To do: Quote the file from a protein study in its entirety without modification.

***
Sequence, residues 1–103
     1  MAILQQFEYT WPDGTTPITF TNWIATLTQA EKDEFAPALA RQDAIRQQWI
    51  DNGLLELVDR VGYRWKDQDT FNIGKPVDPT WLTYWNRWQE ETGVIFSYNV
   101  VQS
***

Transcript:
Sequence, residues 1–103
     1  MAILQQFEYT WPDGTTPITF TNWIATLTQA EKDEFAPALA RQDAIRQQWI
    51  DNGLLELVDR VGYRWKDQDT FNIGKPVDPT WLTYWNRWQE ETGVIFSYNV
   101  VQS